Tuesday, 26 August 2014


I have a passion for family folklore.  It started as a child staying with my grandparents on a Friday night.  I would watch my Granddad Andy going through his ritual, shining his shoes until they shone and tidying his hair until it sat perfectly.  Then finally, he would adjust his tie in the mirror before Ronnie or Sid came to pick him for their night at Dunniker Golf Club where they would play dominos and drink lager until the wee hours of the morning.

When he left my Nana would make my supper of toast and hot chocolate as we settled down to watch Dynasty.  Then would tell me of her own family at “The Toll House.” How as the only granddaughter of the youngest daughter she was fussed over by her three bachelor Uncles.  How her Granny made the best scones with fresh jam made from strawberries grown in the garden that surrounded the cottage.  Nine years old, sitting in my pyjamas, I would listen enthralled as she spoke of family long gone with the same love and affection as though they were in the room with us.  Having lost my Granddad Andy four years ago and my Nana, very recently, these memories give a comfort I cherish.

For me, that’s what family folklore is all about.  It’s the stories that bring the people no longer with us alive.  The numbers and dates do nothing for me.  Instead it only leaves me yearning for more.  What were the quirks of their personality?  What made them laugh?  Who did they love?  The stories passed down from grandmother to granddaughter that makes these relative strangers; your kin, feel like people you’ve known your whole life.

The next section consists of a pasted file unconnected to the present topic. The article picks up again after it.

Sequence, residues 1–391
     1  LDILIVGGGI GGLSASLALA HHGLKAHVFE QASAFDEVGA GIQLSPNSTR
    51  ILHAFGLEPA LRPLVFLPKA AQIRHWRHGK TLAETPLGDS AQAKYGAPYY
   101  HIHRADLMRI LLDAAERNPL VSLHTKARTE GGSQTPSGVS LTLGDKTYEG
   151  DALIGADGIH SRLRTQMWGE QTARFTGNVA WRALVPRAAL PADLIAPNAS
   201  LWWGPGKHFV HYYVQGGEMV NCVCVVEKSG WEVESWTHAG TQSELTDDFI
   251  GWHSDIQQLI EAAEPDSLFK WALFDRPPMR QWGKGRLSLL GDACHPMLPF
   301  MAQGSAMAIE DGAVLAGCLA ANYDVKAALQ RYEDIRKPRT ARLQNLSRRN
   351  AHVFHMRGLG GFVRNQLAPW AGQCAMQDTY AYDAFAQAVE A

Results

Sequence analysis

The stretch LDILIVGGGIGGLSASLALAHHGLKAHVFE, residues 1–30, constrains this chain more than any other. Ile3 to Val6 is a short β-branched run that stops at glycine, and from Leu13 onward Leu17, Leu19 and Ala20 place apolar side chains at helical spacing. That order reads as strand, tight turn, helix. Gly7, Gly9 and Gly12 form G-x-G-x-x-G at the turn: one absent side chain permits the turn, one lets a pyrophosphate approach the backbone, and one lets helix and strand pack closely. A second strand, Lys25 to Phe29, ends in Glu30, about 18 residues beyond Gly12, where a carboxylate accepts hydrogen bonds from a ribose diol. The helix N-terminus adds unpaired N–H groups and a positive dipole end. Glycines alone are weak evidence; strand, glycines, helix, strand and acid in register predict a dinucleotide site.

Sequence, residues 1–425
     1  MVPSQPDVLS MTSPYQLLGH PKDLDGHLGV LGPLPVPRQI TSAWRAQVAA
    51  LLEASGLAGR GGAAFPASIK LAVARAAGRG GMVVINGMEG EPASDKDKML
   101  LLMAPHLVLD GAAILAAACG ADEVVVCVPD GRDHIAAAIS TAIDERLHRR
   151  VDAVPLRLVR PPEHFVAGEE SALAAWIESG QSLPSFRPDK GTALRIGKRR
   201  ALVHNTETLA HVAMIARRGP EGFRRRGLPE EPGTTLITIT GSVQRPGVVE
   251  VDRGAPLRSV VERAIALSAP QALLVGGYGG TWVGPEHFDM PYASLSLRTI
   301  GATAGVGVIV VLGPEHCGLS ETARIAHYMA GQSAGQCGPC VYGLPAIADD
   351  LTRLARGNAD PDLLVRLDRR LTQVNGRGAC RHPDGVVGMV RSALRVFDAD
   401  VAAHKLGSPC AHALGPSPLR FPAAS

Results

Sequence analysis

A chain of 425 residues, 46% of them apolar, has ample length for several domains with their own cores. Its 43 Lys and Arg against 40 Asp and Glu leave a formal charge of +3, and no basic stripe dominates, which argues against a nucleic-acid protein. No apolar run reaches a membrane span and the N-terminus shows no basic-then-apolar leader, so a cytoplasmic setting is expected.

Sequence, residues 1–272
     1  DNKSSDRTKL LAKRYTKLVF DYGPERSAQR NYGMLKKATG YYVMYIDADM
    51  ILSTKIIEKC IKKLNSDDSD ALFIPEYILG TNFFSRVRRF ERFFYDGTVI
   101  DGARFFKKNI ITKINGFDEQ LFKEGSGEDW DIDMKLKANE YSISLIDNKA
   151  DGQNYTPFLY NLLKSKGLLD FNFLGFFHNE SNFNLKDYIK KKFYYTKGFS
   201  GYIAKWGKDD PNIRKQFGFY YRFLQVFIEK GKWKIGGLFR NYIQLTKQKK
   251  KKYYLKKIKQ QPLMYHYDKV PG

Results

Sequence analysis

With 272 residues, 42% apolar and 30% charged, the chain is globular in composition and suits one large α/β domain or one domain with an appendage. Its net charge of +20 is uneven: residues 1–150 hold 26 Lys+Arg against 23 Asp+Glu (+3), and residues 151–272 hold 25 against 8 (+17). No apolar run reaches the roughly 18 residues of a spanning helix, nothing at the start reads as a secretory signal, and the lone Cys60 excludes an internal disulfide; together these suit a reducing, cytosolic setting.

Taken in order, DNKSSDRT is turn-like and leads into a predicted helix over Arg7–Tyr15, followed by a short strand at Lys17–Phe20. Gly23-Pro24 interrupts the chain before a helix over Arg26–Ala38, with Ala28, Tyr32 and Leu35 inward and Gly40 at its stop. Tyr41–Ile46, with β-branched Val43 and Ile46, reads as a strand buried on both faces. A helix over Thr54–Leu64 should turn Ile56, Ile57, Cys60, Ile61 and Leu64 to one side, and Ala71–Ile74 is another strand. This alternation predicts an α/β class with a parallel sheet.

My interest has recently shifted from folklore to genealogy.  My next faerie tale has led me back to my past.  Back to the roots of my foundations and I was surprised to realise that beyond my grandparents I know very little about the clans I come from.  Lately, my visits to my Gran and Granddad Pete have taken on an element of storytelling.  Where they delight in giving me stories from the past I can turn into tales.  On a recent visit, my Gran announced she had a video of footage my Granddad Pete taken with his first camcorder in 1995.  Watching the footage and hiding behind my hands, I was transported back to being 18 years old enjoying my graduation party, dancing with my family and friends in my parent’s living room.  Then the footage slowly panned off to the left and for ten all too brief seconds I saw my Granddad Andy, who would have been 93 years old this week, look into the camera.  In those brief precious moments I was in the room with him again.  We looked at each other through the veil of space and time and I started to cry.  In the four years since he passed away, I’d forgotten how I felt when I looked at him.  How his lovely gentle eyes would crinkle in the corners.  How his soft smile would cradle me in a way I’ve never felt since then.  How he affectionately called me “cuddles” every time he saw me.  I cried as I remember something I never should never have forgotten.  I was loved. 

So, if I could leave you with one parting wish, I would like it to be this; find your story.  Celebrate your past and remember where you came from and how loved you are.  This weekend I'm indulging in another adventure to Glasgow to find out more at the ‘Who Do You Think You are? Live exhibition.  But I’m not going alone.  I’m taking my Gran’s Great Grandmother, Marion West Haxton, with me and I’m going to find all about her story.  For her story is also mine.  I am my family and who  knows, perhaps when I’m there, my very own story will start too….